August 02, 2017
Well, sort of. There's currently a job opening at NASA for a "planetary protection officer," a position tasked with, among other things, assuring the "avoidance of organic-constituent and biological contamination in human and robotic space exploration."
As the San Francisco Gate notes, while the Office of Planetary Protection aims to stop humans from contaminating other planets, moons and other space objects, it's also responsible for trying to stop alien microbes from spreading to Earth.
In fact, on the office's website, one of the stated goals is: "To ensure that we take prudent precautions to protect Earth’s biosphere in case life does exist elsewhere."
How much does it pay to protect the planet from potential extraterrestrial life? Pretty well, according to the listing: $124,406 to $187,000. You'll need a degree in physical science, engineering or mathematics, as well as plenty of experience.
The job opening is open until Aug. 14, and per NASA policy, whoever fills it will be time-limited to three years, with the possibility of a two-year extension.
According to Newsweek, the next three years could be an important time to be a planetary protection officer, as one of the missions planned in that timeframe is to Jupiter’s moon Europa to search for alien life.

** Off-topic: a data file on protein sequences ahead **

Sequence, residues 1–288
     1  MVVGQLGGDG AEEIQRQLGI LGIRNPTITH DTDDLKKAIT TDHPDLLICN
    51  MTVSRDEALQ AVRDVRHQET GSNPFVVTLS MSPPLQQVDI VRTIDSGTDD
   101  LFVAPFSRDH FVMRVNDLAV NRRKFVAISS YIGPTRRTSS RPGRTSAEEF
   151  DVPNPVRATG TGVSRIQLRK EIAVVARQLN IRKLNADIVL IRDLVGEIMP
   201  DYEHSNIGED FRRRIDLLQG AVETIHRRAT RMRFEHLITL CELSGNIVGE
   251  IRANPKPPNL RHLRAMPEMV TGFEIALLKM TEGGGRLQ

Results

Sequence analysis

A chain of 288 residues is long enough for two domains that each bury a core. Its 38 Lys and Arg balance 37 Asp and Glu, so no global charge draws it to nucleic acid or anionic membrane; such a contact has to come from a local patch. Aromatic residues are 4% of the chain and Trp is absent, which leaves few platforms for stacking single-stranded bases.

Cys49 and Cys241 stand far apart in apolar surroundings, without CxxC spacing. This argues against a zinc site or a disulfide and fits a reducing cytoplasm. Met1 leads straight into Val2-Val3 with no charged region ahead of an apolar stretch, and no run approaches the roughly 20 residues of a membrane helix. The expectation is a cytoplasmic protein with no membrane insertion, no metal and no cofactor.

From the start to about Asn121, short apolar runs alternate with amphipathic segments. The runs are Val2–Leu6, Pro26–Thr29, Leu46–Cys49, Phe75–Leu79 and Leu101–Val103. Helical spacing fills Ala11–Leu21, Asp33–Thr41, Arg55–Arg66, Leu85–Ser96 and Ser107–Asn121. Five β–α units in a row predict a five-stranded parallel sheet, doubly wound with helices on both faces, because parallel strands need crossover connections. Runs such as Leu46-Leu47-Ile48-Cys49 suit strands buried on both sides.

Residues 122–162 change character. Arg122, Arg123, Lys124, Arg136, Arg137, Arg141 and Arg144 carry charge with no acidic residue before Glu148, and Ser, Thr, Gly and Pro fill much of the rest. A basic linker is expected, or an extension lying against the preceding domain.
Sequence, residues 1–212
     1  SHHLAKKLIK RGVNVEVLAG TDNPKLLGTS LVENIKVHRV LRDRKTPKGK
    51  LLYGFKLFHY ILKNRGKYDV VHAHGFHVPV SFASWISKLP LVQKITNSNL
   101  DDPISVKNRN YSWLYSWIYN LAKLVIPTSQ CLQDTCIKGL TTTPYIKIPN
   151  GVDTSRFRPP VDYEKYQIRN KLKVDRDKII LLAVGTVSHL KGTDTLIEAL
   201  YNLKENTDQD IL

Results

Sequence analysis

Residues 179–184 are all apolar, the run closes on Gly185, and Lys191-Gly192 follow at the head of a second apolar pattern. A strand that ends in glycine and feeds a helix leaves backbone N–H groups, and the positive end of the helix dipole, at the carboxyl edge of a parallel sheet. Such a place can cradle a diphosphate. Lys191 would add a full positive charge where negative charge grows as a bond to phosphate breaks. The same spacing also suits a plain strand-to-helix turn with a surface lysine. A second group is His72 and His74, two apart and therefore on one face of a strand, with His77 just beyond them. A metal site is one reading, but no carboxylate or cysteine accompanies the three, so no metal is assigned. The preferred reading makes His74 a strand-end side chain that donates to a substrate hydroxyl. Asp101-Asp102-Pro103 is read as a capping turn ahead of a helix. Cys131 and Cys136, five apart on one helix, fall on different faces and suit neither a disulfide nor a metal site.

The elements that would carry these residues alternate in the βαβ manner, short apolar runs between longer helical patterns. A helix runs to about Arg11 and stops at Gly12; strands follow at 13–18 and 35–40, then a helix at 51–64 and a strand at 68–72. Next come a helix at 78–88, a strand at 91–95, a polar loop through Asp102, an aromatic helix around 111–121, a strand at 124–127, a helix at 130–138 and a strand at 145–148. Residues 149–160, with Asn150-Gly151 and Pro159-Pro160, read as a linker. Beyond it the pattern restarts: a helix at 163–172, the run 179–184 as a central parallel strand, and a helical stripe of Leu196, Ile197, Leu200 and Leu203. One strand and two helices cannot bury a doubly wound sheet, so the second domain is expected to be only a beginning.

Here are the official job responsibilities, per the listing:
• Leads planning and coordination of activities related to NASA mission planetary protection needs.
• Leads independent evaluation of, and provides advice regarding, compliance by robotic and human spaceflight missions with NASA planetary protection policies, statutory requirements and international obligations.
• Advises the chief, SMA and other officials regarding the merit and implications of programmatic decisions involving risks to planetary protection objectives.
• In coordination with relevant offices, leads interactions with COSPAR, national academies and advisory committees on planetary protection matters.
• Recommends and leads the preparation of new or revised NASA standards and directives in accordance with established processes and guidelines.
Apologies in advance to NASA's human relations department, but those interested in applying can do so here.